“She was Viennese, after all,” said British designer Patricia Underwood, a longtime friend of Tilley’s. “In Austria they are very good at fur coats, loden and lingerie.”

Monika Theresia Nowotny was born July 25, 1934, in Vienna. Her father, Franz Nowotny, worked in the department of agriculture; her mother, Margarete (Kinateder) Nowotny, taught English and physical education.

Monika earned a master’s degree from the Vienna Academy of Fine arts, an education her father allowed her to pursue only if he could check in with her teachers on a daily basis. (He did not believe art was a viable career path.)

She and Merten Arthur Tilley, an American she met when he was studying business in Vienna, married at the Hofburg Palais there in 1957, after which they settled in Queens.

At first Monika Tilley worked as an illustrator at Harper’s Bazaar. She was soon hired as a designer of children’s wear at Anne Cole. She would go on to design swimwear, sportswear and loungewear at Anne Klein and other companies.

Interviewed by The New York Times in 1964, Tilley, at the time a 29-year-old skiwear designer for White Stag, was asked to predict which looks at Innsbruck, Austria, where the Olympic Games were held that year, would become trends. She was bullish on pompom hats and stretch pants.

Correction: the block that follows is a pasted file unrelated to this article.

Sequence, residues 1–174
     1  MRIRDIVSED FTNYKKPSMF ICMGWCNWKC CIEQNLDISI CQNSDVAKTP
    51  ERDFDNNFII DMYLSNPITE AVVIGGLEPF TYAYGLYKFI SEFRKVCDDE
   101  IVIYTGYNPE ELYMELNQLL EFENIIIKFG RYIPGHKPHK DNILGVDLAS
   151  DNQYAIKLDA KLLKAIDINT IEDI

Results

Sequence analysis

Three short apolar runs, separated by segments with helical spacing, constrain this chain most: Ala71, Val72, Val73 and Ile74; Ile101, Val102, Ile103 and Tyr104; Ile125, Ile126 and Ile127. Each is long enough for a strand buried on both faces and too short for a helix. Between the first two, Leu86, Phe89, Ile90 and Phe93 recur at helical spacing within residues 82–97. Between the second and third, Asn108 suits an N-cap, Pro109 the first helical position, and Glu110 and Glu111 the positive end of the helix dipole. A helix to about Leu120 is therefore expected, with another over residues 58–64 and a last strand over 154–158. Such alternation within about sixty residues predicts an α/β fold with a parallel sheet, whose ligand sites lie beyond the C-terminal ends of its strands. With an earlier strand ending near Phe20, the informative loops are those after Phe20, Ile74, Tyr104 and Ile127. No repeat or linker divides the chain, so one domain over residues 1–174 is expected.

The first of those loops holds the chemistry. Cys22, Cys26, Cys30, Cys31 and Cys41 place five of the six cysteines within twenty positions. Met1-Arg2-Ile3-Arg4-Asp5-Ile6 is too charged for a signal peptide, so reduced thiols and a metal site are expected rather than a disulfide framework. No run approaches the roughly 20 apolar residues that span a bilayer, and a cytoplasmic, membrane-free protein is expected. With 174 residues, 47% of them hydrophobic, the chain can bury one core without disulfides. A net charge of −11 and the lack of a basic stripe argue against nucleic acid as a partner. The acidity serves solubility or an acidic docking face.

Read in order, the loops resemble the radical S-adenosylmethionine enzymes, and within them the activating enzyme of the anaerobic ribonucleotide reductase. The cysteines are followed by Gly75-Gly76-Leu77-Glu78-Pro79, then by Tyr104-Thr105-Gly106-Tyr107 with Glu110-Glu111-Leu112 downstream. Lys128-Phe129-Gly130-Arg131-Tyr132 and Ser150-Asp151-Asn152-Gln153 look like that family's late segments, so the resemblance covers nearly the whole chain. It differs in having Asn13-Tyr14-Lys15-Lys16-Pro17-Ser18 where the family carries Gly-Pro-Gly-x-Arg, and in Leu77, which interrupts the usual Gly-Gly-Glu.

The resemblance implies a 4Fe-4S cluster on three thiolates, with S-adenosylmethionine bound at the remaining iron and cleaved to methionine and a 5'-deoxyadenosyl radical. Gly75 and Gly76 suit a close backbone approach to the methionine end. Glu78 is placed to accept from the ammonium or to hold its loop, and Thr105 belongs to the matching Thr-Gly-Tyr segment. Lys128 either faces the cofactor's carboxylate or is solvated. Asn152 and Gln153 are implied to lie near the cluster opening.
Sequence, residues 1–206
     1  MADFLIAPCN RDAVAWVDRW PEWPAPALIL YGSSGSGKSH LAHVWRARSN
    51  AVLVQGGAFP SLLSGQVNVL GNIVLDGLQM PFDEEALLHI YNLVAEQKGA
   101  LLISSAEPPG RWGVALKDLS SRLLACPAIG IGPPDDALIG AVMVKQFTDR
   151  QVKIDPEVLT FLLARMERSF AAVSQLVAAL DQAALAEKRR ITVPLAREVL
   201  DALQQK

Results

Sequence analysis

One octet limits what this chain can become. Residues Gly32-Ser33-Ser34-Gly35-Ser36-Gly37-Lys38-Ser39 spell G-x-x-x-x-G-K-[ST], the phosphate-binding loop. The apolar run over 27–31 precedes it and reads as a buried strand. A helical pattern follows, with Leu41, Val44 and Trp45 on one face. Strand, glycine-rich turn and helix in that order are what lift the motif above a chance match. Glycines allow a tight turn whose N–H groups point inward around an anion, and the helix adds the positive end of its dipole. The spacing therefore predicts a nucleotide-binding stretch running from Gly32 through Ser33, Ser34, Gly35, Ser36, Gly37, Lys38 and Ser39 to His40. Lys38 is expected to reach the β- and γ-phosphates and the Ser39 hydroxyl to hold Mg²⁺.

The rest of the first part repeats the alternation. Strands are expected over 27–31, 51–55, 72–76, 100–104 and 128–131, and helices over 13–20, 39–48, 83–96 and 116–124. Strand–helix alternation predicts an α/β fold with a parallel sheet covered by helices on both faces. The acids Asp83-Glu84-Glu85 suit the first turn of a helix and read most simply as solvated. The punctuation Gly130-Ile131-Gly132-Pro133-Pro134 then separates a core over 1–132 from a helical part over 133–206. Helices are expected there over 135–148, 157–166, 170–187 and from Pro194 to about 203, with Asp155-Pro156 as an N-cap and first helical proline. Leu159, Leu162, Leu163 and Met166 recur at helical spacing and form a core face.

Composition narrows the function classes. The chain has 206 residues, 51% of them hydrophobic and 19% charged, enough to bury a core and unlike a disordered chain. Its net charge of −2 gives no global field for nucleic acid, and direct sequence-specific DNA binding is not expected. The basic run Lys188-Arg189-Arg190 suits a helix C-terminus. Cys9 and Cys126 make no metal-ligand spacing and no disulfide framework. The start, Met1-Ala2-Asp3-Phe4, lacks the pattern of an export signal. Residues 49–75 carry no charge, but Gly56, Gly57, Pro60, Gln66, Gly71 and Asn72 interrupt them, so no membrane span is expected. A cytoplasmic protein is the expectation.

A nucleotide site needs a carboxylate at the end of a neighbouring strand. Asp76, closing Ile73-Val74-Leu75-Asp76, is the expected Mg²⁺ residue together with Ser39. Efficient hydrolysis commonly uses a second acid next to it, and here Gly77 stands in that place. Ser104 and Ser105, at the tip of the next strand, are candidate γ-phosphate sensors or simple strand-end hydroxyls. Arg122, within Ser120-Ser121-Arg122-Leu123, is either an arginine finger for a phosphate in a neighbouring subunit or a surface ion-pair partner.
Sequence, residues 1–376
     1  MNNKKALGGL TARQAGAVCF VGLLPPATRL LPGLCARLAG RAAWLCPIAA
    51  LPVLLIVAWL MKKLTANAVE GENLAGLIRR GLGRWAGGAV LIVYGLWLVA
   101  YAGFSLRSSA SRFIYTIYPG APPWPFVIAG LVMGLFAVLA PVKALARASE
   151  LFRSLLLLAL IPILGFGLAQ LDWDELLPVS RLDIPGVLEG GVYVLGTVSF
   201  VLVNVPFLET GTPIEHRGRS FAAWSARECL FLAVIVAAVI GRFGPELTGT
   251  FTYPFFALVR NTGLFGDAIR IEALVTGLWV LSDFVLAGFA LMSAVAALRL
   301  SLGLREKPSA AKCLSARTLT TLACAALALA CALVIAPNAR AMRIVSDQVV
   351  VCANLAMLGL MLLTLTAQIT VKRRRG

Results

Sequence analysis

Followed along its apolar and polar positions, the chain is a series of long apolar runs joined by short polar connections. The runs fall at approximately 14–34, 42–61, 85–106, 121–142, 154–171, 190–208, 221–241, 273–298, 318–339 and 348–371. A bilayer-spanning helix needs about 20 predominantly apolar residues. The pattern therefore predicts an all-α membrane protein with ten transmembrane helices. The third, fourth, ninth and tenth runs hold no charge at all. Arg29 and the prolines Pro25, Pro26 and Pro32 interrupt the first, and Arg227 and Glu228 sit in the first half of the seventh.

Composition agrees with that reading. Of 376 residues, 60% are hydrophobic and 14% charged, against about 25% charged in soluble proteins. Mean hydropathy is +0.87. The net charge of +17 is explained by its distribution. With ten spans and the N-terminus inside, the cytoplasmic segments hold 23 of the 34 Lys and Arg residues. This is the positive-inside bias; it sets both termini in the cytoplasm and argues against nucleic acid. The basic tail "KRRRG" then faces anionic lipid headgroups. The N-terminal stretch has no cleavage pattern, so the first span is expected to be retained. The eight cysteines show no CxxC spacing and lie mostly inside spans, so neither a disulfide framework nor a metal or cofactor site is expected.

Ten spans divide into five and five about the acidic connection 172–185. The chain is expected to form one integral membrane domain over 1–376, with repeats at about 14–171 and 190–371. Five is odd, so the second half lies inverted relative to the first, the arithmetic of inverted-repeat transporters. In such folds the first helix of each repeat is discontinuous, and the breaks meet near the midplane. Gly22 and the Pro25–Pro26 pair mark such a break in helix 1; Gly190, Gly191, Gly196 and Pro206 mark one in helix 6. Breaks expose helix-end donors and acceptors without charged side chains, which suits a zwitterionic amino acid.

In 1976, The Times noted: “Designing sportswear is Miss Tilley’s life work, and she participates in many of the sports for which she designs clothes. The tennis boom has provoked a lot of crimes in the name of fashion, and her aim is to return the basic elegance to the game, using modern fabrics.”

Tilley was also, as designer Stan Herman said, “a force in loungewear,” a category newly minted in the 1970s for women who wanted to look sharp at work but feel comfortable when they got home. It marked the end of the housedress era, as Herman, also a force in that genre, pointed out.

“Liz Claiborne was going to dress the new woman at work, and we were going to dress her at home,” he said. “Monika did a very sporty kind of loungewear: lots of notched collars and housecoats that looked like men’s shirts.”

In the late 1980s, Tilley’s signature line of loungewear for Vassarette featured ankle-length sweaters in bold stripes worn over monochromatic tops and leggings, styles that would not be out of place today.

Herman recalled that Tilley was once memorialized in a window at Lord & Taylor, in a scene featuring a Monika Tilley mannequin — her own doppelgänger — sketching at a desk and looking very official.

In addition to her daughter, Tilley is survived by her son, Martin, and her brother, Thomas Nowotny. Her marriage to Merten Tilley ended in divorce.

Monika Tilley was a longtime board member of the Council of Fashion Designers of America, the trade organization started in 1962 to promote American fashion. She founded the CFDA Scholarship Program in 1996 and remained closely involved in its development.

“She was an unsung hero” in the organization, said Lisa Smilor, the council’s executive vice president. “The multitude of design students that the CFDA has awarded scholarships to may not know her name or legacy. Nevertheless, she had a positive impact on their futures.”

© 2021 The New York Times Company